Knitted Together

“‘Knitted together’ is how the psalmist described the process of God making man [Psalm 139:13]. Not manufactured or mass-produced, but knitted. Each thread of personality tenderly intertwined. Each string of temperament deliberately selected.

God as Creator. Pensive. Excited. Inventive.

An Artist, brush on pallet, seeking the perfect shade.

A Composer, fingers on keyboard, listening for the exact cord.

A Poet, pen poised on paper, awaiting the precise word.

The Creator, the Master Weaver, threading together the soul.

Each one different. No two alike. None identical.” —Max Lucado, in You!

(Check out my review of You! by clicking here. You can also read some other inspiring quotes from this book here.)

Albert Einstein On The Library Of The Universe

“I’m not an atheist, and I don’t think I can call myself a pantheist. We are in the position of a little child entering a huge library filled with books in many languages. The child knows someone must have written those books. It does not know how. It does not understand the languages in which they are written. The child dimly suspects a mysterious order in the arrangement of the books but doesn’t know what it is. That, it seems to me, is the attitude of even the most intelligent human being toward God. We see the universe marvelously arranged and obeying certain laws but only dimly understand these laws. Our limited minds grasp the mysterious force that moves the constellations.” —Albert Einstein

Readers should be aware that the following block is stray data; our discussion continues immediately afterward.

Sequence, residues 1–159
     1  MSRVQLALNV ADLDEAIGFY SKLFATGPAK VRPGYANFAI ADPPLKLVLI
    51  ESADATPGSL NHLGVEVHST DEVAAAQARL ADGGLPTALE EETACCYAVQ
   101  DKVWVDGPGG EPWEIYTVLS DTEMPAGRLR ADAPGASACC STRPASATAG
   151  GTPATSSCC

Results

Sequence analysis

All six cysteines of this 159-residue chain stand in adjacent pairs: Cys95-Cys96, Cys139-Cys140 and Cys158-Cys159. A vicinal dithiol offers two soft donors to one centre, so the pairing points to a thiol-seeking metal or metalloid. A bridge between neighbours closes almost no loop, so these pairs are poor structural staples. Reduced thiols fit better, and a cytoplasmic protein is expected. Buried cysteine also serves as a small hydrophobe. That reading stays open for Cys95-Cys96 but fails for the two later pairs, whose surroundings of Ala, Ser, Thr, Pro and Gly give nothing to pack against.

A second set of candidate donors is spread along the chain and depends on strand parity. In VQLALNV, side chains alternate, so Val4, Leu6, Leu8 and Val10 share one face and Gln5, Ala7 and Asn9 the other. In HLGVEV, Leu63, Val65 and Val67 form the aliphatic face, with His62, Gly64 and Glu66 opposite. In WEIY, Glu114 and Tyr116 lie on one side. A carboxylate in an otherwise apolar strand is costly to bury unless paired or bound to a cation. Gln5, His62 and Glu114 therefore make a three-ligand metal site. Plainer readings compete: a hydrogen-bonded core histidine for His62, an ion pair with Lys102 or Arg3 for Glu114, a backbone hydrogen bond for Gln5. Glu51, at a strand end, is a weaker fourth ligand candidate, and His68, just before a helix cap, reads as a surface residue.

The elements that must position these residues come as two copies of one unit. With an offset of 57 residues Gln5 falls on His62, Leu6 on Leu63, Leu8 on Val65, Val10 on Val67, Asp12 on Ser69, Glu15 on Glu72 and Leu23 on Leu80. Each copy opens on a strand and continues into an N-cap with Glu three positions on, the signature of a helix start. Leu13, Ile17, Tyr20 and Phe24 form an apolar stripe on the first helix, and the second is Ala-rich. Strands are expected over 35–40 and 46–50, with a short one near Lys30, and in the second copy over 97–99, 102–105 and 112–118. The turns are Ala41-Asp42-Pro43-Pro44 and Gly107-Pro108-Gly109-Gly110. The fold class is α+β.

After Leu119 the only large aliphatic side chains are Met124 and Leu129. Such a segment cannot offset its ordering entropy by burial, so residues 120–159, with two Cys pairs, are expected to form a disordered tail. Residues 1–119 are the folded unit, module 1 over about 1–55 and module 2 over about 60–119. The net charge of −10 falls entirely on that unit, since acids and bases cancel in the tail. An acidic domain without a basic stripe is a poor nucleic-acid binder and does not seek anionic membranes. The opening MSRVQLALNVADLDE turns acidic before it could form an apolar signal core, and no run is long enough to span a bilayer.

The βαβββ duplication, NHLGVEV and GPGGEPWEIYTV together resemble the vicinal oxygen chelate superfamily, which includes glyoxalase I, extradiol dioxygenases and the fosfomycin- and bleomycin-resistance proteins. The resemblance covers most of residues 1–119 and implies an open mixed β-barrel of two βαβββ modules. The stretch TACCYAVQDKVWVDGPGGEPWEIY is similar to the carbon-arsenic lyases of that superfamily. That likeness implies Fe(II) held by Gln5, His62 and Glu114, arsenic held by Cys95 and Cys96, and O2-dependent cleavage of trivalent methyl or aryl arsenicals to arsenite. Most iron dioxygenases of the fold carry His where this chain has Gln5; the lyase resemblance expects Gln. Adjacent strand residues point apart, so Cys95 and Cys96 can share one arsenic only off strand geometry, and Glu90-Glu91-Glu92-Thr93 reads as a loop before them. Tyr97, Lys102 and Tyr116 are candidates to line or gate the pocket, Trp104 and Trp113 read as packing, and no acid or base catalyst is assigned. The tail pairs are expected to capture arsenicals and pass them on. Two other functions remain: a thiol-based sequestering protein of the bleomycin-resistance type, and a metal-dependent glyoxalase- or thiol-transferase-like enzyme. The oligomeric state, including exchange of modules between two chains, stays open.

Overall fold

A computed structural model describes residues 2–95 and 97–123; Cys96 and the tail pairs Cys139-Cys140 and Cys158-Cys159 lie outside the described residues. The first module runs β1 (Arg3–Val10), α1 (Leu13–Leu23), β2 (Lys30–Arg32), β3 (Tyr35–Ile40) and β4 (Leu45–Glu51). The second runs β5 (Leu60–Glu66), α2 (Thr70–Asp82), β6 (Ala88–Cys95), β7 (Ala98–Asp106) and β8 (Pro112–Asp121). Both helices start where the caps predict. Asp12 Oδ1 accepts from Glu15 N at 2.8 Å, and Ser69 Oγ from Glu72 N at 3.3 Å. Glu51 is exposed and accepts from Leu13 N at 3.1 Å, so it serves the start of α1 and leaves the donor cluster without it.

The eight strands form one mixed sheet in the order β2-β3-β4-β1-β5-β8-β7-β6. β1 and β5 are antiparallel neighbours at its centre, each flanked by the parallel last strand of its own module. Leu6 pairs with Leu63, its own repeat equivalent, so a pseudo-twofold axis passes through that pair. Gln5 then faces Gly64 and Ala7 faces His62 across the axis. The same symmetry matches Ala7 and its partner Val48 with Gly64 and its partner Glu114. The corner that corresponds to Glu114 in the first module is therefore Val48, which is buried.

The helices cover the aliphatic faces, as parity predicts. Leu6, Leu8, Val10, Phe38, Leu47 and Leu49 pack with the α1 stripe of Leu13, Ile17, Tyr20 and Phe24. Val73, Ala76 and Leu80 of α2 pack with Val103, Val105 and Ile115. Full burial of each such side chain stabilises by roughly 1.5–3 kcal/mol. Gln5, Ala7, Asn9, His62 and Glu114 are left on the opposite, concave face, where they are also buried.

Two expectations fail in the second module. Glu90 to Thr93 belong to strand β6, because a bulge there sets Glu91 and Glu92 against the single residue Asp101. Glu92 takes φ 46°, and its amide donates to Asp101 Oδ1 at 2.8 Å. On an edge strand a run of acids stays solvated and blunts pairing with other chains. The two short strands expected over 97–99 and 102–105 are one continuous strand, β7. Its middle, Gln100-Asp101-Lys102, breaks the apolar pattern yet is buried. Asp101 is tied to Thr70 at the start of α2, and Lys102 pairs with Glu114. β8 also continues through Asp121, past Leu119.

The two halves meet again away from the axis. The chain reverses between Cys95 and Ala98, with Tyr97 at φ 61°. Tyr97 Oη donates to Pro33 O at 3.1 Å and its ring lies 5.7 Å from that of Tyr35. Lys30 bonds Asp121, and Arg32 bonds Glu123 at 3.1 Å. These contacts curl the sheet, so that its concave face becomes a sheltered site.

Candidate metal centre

Saturday In The Psalms—Creation Recognizes Its Creator

The sea saw it and fled; Jordan turned back, the mountains skipped like rams … rocks turned into a pool of water… (Psalm 114:3, 4, 8).

What would cause a sea to shrink?

Or a river to stop flowing? Or mountains and hills to quake in fear?

What could turn flint rocks into puddles?

God’s presence!

Creation recognizes its Creator!

Do we?

Waters and mountains and rocks cannot think or feel or appreciate majesty and beauty—but they can and do recognize their majestic Creator and bow in His presence.

How much more so we who can think and feel and appreciatehow much more so should we bow before our Majesty, the Creator of all!

Jesus may have had this Psalm 114 in mind when He said that rocks would cry out in praise if we humans did not [Luke 19:37-40]. I, for one, am not going to let rocks or waters praise on my behalf!

Saturday In The Psalms—Sing A New Song

Oh, sing to the Lord a new song! (Psalm 96:1).

God is so great—His worth is infinite—that He deserves a new song every time we sing to Him. There is no need to copy or duplicate something done before, but we should continually find new ways to praise Him.

Look at the angels encircling God’s throne. They continually sing out, “Holy! Holy! Holy!” as they perceive new dimensions of God’s grace, love, faithfulness, beauty, and majesty.

“Oh! Did you see that? Holy!” 

“Look at that! Amazing!” 

“Wow, I just saw something else breathtaking” Worthy!”

Our praise of God should follow that example: “Holy! Holy! Holy!” This is what Psalm 96 tells us…

Sing!
Bless His name!
Tell how good He is!
Declare His glory everywhere!
He is great!
He is greatly to be praised!
Look at His majesty!
Stand in awe of His beauty!
Give Him the glory due His name!
Worship! 
Thrill at the beauty of His holiness!
Bow before His majesty!
Rejoice!
Be glad!
Listen to creation praising their Creator!